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Apples are one of the most popular fruit in America and we all know why! Whether you choose to bake with them, eat them raw with peanut butter, or make apple sauce with them, they are downright delicious! Holding your own apple taste test will help you learn even more about this glorious fruit!
With apples being so yummy and cheap, it’s no wonder the average person eats 65 apples a year!
In honor of Johnny Appleseed’s birthday (September 26th) and National Apple Month (October), fall is the perfect time to hold your own apple tasting.
How to Hold an Apple Taste Test
Start by going to the grocery store and purchasing every different variation of apples they had on hand. We ended up with 7 different types:
- Red Delicious
- Golden Delicious
- Honey Crisp
- Sweet Tang
- Granny Smith
- and one “Mystery Flavor” that wasn’t labeled.
First, discuss why apples are important to our economy. Even though the majority of our apples are imported from China, America still grows a huge amount of apples. Our largest apple producers are Washington, New York, Michigan, Pennsylvania and California. In all, 36 of the 50 states produce apples commercially.
Next point out the health benefits of apples. A medium sized apple contains only 80 calories! Quercetin is found only in the apple skin. The entire apple is full of antioxidants and fiber, making it a healthy snack. And most importantly, an apple a day keeps the doctor away. 😉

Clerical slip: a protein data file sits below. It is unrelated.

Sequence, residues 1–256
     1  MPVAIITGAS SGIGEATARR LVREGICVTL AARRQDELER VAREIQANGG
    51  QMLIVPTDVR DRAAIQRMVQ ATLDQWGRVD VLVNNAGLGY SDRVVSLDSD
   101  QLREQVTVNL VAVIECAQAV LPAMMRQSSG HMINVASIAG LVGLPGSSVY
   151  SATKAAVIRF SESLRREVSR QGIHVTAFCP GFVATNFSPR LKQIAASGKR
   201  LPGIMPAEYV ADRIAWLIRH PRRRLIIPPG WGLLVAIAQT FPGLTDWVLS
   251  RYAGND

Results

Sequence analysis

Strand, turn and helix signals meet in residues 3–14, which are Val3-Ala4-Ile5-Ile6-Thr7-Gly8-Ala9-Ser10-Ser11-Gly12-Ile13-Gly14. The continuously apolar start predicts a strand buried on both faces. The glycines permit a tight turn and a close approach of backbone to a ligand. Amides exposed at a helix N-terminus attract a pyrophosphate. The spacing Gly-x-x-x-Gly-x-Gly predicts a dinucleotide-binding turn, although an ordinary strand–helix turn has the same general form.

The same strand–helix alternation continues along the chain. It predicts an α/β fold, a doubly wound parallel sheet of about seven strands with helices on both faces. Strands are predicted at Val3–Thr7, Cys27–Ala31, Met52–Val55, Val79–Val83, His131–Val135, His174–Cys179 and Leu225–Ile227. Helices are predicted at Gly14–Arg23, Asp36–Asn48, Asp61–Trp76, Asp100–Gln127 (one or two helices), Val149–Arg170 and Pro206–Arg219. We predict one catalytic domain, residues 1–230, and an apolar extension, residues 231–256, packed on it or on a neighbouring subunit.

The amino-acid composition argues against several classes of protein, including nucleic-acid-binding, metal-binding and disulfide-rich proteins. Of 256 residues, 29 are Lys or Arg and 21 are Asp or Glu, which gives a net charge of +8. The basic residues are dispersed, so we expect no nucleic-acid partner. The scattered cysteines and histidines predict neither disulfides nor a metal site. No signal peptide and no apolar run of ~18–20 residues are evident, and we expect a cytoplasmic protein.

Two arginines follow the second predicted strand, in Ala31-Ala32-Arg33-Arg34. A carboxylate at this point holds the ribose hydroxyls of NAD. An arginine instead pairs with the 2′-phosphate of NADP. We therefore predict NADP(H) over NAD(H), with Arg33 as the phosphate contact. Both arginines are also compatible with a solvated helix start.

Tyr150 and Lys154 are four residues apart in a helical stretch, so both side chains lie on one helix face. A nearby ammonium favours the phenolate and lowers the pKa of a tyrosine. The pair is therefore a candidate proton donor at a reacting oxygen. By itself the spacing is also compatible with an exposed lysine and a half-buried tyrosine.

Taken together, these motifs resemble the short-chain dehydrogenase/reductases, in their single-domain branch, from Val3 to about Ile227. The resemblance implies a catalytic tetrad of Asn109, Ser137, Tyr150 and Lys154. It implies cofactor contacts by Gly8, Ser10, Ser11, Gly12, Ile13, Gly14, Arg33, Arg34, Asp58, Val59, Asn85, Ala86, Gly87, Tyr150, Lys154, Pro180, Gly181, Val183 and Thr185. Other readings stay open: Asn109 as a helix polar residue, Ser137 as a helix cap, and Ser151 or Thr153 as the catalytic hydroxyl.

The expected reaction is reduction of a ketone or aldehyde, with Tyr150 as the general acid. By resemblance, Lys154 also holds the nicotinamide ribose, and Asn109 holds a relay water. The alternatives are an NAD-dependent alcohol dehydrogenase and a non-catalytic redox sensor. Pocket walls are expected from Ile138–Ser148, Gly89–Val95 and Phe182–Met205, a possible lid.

Another great idea to learn about apples is to do a simple experiment. Do you think apples will float or sink? Apples actually float because they are more dense than water. Apples density is made up of about 25% air!
You can remember plenty of fun facts about apples using the number 5.
See how many of these fun “five” facts your kids’ already knew:
- The word “apple” has 5 letters.
- Apple blossoms grow in clusters of 5.
- Apple blossoms have 5 petals.
- Red Delicious apples have 5 bumps on the base.
- Apples have 5 seed cavities, which allow all 10 seeds to grow.
Make a list of all the foods you can create by using apples.
Some of our favorites include apple dumplings, fried apples, homemade applesauce and apple muffins.
Begin cutting your apple into slices. Allow each child to taste one slice of each variation. You might want to use paper plates and write the names on the plates so you can remember which apple is which.
Let the kids each rate the apples on a 1-10 scale. Make sure they consider the taste, tartness, texture and color appeal when rating the apple.
When you’ve finished tasting all the apples, let each child vote on their favorite.